Aa
A
A
A
Close
Women's Health: Postpartum Community
26.1k Members
Avatar universal

pregnancy after m/c

I had a m/c on May 31st.   My husband and I are ready to start trying again.   I was told to wait until I had my period before trying again.    Is it so bad to start trying before my first period?  I have had two m/c prior to this m/c (Aug 05 and Jan 01).    My doctor suggested taking progesterine (not sure if I spelled this word correctly) pills once we begin trying again.   Is there anyone that can tell me anything about progesterine pills and if it could prevent me from having another m/c?
8 Responses
Avatar universal
Well, I don't know anything about progesterone so can't help you there (I'm wondering if I need it too though).  I did recently have a natural miscarriage (6/8) at 5 and a half weeks.  My doctor said we should wait one cycle to try again.  I then asked her if that meant we had to use protection.  She said "no" becaus it's not that we shouldn't try to get pregnant, it's that we probably won't get pregnant.  She said that women normally don't ovulate after a miscarriage before their first period.  But, by the looks of what I've seen women write on this board, a lot of people ovulate before their first cycle.  I'm personally going to take my chances.  If it happens, it happens.  Good luck!
Avatar universal
i'm so sorry for your loss. i'm not sure about the trying before your first period - i've read of some ladies on here who've become pregnant before their first period, but i think that most women don't necessarily ovulate before their first period and that may be why drs. say to wait till first or that it may be a good idea to have everything out of your system from m/c before trying again. regarding the progesterone - what it can do is if the cause of your m/cs was low progesterone levels it will boost your progesterone and keep it up so you could carry the pregnancy, but i would suggest that you speak to your dr. about further testing (blood tests for you and your husband (check genetics and any possible disorders) and an hsg (x-ray of uterus) for you which will make sure everything in uterus and tubes is okay. a lot of drs. wait till there is a third m/c (G-d Forbid), but i had the testing after 2 m/cs and found out i have a genetic disorder called mhftr mutation (blood clotting disorder) which can result in early pregnancy loss b/c blood clots and oxygen can't get to baby. it's treatable with some extra vitamins (b6 and folic acid) and baby aspirin and once get pregnant (G-d Willing) have to take heparin shots to keep blood thin. in any case - one m/c can be a fluke - 2 can also be, but it's less likely. it could be that low progesterone is the problem with you - with my second pregnancy though i took prometrim (progesterone in pill like form) and then switched to progesterone suppositories and i m/c anyway - had enough progesterone, but now know probably was b/c of blood clots. i wish you lots of luck in the future and hope your next pregnancy is a healthy one. keep me posted.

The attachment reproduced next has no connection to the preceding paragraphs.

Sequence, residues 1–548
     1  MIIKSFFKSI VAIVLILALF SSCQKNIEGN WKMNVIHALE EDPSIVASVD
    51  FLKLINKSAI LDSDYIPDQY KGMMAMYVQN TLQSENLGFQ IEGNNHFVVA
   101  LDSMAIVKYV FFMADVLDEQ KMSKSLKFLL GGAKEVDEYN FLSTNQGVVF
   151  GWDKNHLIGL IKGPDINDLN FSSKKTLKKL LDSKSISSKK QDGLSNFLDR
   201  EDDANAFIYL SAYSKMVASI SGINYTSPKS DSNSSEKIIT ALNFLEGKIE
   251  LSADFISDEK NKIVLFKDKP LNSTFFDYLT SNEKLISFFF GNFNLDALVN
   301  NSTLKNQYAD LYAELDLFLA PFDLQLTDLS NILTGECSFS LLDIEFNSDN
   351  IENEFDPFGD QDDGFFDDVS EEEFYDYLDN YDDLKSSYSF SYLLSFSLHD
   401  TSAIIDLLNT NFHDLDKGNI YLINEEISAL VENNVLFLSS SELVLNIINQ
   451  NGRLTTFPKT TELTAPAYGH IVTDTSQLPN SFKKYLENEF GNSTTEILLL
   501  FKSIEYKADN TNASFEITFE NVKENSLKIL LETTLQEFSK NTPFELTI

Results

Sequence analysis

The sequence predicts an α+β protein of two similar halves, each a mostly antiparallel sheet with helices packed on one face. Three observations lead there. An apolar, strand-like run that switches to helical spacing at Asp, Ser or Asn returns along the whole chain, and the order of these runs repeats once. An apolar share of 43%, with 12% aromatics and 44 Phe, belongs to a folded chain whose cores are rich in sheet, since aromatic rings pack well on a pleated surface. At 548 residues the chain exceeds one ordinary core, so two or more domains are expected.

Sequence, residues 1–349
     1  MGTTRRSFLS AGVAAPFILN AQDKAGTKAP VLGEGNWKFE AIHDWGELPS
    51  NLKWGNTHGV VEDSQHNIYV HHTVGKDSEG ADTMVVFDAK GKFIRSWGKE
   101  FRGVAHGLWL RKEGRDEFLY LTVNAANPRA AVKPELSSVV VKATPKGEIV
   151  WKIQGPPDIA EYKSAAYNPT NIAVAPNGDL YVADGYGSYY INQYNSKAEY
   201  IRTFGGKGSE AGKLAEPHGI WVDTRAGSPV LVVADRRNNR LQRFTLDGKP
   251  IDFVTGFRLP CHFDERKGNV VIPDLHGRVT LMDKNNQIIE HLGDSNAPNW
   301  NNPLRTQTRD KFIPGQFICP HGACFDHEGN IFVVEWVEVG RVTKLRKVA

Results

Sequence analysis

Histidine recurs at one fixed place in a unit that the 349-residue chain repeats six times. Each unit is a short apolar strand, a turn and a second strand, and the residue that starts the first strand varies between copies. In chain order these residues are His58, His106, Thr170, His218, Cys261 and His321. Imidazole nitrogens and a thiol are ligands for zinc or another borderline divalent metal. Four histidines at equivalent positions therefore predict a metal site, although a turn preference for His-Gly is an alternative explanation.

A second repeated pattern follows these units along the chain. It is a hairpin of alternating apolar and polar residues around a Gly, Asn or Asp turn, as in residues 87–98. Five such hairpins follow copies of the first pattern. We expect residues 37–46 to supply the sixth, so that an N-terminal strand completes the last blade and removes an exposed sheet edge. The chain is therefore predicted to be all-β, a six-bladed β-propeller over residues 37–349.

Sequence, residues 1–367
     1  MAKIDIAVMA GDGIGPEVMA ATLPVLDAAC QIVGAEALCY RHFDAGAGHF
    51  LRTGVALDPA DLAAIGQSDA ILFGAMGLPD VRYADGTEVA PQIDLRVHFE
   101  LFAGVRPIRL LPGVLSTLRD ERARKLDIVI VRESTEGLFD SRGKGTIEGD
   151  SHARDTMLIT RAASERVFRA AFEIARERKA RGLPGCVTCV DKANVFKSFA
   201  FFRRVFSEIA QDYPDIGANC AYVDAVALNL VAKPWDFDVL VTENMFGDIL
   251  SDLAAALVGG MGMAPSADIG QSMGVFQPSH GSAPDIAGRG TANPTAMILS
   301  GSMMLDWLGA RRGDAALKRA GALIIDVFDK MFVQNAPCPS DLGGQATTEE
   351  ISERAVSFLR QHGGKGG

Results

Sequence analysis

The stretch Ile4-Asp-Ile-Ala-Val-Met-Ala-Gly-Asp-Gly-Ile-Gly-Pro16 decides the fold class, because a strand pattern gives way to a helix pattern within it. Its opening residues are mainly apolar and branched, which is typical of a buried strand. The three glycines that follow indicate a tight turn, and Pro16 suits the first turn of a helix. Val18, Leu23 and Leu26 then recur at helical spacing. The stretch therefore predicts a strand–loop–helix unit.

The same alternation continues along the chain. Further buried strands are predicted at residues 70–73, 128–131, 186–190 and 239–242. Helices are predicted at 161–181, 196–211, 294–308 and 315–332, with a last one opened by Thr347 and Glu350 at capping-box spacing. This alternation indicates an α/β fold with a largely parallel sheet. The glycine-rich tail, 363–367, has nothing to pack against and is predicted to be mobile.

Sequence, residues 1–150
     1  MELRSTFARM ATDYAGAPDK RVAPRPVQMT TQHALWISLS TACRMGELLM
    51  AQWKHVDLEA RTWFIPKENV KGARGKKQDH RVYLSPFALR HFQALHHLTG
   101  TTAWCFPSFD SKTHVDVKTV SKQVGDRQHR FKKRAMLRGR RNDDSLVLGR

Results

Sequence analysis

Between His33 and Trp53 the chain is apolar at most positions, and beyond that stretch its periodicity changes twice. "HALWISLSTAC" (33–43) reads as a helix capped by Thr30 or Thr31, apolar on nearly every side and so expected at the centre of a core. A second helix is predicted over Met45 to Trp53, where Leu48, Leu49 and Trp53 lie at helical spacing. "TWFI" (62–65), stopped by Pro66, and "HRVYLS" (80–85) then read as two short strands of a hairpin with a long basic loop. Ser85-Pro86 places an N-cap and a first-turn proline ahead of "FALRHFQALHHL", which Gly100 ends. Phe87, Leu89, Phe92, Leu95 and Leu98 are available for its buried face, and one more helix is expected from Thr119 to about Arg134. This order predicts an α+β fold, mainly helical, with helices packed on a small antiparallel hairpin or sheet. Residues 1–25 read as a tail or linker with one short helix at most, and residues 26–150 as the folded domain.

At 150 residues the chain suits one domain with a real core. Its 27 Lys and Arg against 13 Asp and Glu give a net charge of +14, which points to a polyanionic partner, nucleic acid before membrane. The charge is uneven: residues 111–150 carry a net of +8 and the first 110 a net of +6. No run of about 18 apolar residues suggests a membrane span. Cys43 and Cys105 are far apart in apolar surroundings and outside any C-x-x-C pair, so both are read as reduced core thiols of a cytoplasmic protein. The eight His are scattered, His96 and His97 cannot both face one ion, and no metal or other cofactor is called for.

Avatar universal